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Who is most at risk for AIDS-related cancers?

Individuals most at risk for AIDS-related cancers are those with untreated or improperly treated HIV. The virus weakens the immune system and reduces the body's ability to fight infections that may lead to cancer. The more active the virus, the more likely it is to have detrimental effects on the immune system and allow cancer to occur. Infected individuals on antiretroviral therapy have much lower rates of cancer due to improved control of the HIV virus than those with untreated infections.
You are most likely to develop the cancers considered AIDS-related if you have HIV (human immunodeficiency virus) plus another risk factor. These risk factors include:
  • a low CD4 (white blood cell) count
  • smoking or excessive drinking
  • human herpesvirus 8 infection
  • human papillomavirus (HPV) infection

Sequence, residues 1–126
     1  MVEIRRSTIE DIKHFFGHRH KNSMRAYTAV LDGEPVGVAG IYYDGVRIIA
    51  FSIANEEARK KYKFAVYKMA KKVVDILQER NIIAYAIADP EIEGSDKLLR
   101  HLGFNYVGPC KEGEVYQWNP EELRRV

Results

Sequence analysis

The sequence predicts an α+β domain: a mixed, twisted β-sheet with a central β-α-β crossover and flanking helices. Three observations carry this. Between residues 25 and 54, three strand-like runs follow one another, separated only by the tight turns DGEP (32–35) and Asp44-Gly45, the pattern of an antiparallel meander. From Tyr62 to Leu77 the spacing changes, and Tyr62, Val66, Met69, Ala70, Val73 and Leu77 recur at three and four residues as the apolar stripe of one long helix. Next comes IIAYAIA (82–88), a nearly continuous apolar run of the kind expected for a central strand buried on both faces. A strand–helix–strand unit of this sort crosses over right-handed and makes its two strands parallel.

• Epstein-Barr virus infection
  • hepatitis B or C infection
  • failure to take HIV medications properly

Continue Learning about AIDS-Related Cancers

AIDS-Related Cancers

AIDS-Related Cancers

With a weakened immune system, individuals infected with the human immunodeficiency virus, or HIV, have a substantially higher risk of developing certain cancers than those who are virus-free. Kaposi sarcoma, non-Hodgkin lymphoma ...

and cervical cancer are considered AIDS-defining cancers: Medical experts mark the development of one of those cancers as the defining point when an individual has developed acquired immune deficiency syndrome, or AIDS. Learn more about the symptoms and diagnosis of AIDS-related cancers with expert advice from Sharecare.
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Important: This content reflects information from various individuals and organizations and may offer alternative or opposing points of view. It should not be used for medical advice, diagnosis or treatment. As always, you should consult with your healthcare provider about your specific health needs.